What do Citicorp’s John Reed, CBS’s Laurence Tisch and American Express’s James D. Robinson III have in common with heiress Ann Getty, philanthropist Walter Annenberg and Ron Reagan Jr.?
They are all part of Warren Buffett’s growing network, a formidable collection of corporate heads, financiers, money managers and celebrities. The relationships in many cases have been built over decades, deftly combining friendship with business. Members of the far-flung group, who often look to the Omaha investor as something of a mentor, exchange investment ideas, insights into corporate affairs and profitable connections that have been one key to Mr. Buffett’s success.
The innermost circle, which began as a group of 13 in 1968 and now numbers almost 60, gets together once every two years for a retreat led by Mr. Buffett. Guests at the most recent retreat, a four-day gathering in late September at the Laurel Point Inn in Victoria, British Columbia, included Washington Post Co. Chairwoman Katharine Graham and her son, Donald E. Graham, the company’s president; Capital Cities/ABC Inc. Chairman Thomas S. Murphy; former Johnson & Johnson Chairman James Burke; Coca-Cola Co. President Donald R. Keough; Microsoft Corp. Chairman William Gates; and Mr. Tisch of CBS.
The conclaves, held at locations like The Williamsburg Inn in Virginia and aboard the Queen Elizabeth II, fall somewhere between group therapy and a huge board meeting of “Buffett Inc.” Along with corporate goings-on and economic trends, topics have ranged from the best-managed company in America (Cap Cities got mentioned one year) to the worst mistake attendees ever made in business (Mr. Tisch mentioned the price he paid to air certain sports events; Mr. Murphy talked about union problems at a paper in Pennsylvania that his company bought.)
With corporate competitors and independent investors getting together, the sessions could raise antitrust or other tricky issues. But “no one wants to talk about things that could be a possible problem,” says Mr. Tisch. “They won’t do that. These people are too smart.”
Still, Mr. Gates, a first-time retreat guest this year, tells of a cruise around Victoria’s inner harbor where he says Mr. Tisch, Mr. Buffett and Mr. Murphy talked at length about “issues of price and valuation in media.” Among other things, Mr. Gates says, “they were talking about where ad rates are going, and where they should be.”
Legal experts consider such conversations “a gray area of antitrust,” says Garth Saloner, an antitrust specialist at Stanford University’s Graduate School of Business. “To prosecute that kind of thing, you need to show they agreed, whether explicitly or implicitly, to some course of action. That’s hard to prove.”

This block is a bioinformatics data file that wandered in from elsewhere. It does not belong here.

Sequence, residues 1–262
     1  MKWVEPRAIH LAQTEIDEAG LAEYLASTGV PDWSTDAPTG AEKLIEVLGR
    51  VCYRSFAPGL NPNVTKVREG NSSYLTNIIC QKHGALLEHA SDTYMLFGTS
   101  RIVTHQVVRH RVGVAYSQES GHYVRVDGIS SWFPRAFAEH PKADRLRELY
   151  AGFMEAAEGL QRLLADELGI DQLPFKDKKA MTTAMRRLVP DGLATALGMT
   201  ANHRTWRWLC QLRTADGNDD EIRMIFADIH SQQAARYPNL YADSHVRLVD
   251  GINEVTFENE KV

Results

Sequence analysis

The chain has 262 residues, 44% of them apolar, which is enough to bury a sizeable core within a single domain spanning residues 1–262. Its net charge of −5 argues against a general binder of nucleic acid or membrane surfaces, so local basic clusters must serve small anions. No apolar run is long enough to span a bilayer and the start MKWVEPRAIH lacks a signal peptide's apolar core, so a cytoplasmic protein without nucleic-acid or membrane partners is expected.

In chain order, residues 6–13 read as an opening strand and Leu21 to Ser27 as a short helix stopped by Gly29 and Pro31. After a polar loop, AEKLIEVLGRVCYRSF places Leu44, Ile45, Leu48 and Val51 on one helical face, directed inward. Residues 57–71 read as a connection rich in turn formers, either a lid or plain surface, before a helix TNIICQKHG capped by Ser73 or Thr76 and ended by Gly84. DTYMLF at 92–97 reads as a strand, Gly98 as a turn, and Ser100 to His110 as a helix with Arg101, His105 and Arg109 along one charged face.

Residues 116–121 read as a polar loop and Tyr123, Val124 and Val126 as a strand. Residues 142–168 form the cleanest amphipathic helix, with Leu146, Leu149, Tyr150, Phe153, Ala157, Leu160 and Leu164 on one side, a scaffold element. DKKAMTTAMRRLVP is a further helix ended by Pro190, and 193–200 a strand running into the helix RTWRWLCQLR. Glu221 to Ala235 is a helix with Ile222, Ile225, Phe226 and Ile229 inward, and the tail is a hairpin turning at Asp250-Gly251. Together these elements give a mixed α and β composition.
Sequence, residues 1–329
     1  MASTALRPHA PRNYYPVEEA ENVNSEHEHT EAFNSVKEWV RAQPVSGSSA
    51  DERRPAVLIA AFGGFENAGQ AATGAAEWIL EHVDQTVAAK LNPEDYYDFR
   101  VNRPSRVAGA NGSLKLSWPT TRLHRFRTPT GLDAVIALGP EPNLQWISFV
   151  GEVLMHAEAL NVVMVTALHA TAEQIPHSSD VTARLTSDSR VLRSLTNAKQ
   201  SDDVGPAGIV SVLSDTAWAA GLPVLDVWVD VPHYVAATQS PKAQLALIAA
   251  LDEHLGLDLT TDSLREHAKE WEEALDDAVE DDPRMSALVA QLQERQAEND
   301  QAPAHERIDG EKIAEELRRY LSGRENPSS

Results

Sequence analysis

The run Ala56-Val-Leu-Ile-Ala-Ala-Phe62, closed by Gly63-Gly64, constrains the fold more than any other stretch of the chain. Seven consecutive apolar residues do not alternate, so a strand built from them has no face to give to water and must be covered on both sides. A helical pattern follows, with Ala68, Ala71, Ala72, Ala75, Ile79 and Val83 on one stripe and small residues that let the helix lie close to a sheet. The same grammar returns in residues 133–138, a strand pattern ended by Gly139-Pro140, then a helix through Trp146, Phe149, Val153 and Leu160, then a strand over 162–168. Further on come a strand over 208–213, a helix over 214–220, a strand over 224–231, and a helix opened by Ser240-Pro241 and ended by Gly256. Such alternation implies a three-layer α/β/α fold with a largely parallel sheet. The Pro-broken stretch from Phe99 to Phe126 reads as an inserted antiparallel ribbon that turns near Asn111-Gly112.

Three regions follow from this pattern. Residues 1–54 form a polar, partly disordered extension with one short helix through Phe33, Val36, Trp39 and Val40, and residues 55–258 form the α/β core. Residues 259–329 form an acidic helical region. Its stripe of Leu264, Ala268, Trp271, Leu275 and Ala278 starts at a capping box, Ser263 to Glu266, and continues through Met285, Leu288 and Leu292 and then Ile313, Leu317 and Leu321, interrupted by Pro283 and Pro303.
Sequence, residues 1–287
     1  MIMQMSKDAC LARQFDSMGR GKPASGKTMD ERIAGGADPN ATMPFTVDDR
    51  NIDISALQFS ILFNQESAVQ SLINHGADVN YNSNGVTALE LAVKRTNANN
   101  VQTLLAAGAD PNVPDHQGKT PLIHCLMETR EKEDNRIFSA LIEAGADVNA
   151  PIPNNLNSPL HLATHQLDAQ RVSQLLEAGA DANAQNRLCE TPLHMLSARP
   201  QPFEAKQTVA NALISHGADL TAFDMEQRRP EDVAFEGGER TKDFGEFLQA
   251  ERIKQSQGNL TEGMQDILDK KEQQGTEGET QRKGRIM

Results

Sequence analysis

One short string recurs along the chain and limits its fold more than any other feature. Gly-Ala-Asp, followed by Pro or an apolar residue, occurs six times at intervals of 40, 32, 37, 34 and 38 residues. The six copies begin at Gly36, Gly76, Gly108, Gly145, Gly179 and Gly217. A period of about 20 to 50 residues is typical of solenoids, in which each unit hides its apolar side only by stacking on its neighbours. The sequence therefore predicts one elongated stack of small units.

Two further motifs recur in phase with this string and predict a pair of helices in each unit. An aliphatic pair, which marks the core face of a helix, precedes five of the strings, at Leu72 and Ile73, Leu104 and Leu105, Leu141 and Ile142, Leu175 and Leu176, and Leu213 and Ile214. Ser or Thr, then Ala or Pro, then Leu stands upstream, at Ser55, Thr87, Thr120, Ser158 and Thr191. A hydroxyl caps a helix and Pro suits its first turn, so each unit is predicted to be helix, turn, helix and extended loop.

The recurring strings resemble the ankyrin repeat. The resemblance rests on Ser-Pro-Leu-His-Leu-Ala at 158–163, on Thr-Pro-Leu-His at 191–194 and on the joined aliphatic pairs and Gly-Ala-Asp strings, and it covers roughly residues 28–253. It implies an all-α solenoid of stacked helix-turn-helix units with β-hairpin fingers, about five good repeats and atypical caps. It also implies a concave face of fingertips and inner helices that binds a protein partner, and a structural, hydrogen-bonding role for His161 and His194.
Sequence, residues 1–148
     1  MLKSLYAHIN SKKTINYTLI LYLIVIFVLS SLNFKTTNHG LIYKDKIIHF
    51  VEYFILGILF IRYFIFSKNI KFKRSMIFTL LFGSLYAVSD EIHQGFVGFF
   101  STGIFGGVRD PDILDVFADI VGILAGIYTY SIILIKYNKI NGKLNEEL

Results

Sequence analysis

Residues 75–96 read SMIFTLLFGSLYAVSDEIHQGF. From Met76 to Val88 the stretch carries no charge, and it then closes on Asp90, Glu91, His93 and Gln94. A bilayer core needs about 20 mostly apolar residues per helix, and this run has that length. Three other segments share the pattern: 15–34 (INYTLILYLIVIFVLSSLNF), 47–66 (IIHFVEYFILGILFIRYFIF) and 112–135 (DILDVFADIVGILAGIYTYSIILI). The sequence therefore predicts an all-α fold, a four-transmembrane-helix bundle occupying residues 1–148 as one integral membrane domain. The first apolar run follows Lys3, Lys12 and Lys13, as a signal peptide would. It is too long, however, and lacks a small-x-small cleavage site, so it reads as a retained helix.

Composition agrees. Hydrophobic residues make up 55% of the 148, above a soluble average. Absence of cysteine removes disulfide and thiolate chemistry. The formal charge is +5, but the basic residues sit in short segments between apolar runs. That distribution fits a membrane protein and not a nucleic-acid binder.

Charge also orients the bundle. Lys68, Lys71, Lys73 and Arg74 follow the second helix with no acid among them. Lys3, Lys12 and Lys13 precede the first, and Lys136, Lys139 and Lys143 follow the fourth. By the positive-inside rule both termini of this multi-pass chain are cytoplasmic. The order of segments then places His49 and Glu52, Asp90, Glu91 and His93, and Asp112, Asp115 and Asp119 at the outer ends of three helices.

“If the inference is that we were talking in a gray area of antitrust, that’s just not true,” said Mr. Murphy in a telephone interview. (Later, Mr. Gates called back and said the conversation on the boat was really about ad production costs, not ad rates, and that he didn’t mean to imply that any collusion on prices took place.)
Not everyone in Mr. Buffett’s network rates an invitation to the retreats. Former Salomon Chairman John Gutfreund never did. Though American Express Chairman James Robinson has visited Mr. Buffett several times in Omaha, he’s “just not our kind of guy and would never be invited to the retreat,” says New York stockbroker Marshall Weinberg, one of the original group of 13.
John J. Byrne, a recently named American Express director who heads Fund American Cos., passes muster. Four months after he arrived on the American Express board, Mr. Byrne helped broker a $300 million Buffett investment in the company, according to Mr. Robinson.
Mr. Buffett is in close touch with all levels of his network. Capital Cities’s Mr. Murphy says he has consulted Mr. Buffett “on every major decision I’ve made” since the two met 20 years ago.
The same holds true for Mrs. Graham. She was advised by Mr. Buffett to buy 53 cable-television systems from Capital Cities in 1985 for $350 million — a purchase that helped Cap Cities (a Buffett investment) finance its merger with ABC.
Ms. Getty, an heir to the Getty oil fortune, flew to Omaha to get advice about how to handle disputes over her inheritance in the mid-1980s, Mr. Munger says. And about that time Nancy Reagan, another Buffett friend, sent her son, Ron, to Mr. Buffett for career counseling.
Even some of the savviest investors seek Mr. Buffett’s counsel. In 1988, when Walter Annenberg was wondering whether to accept a $3 billion bid from Rupert Murdoch for Triangle Publications Inc., a trip to Omaha helped clear things up.
Mr. Buffett told him to “Run to the bank, Walter, run to the bank.”
Mr. Annenberg sold.
(© Dow Jones & Co., Inc. Reprinted With Permission)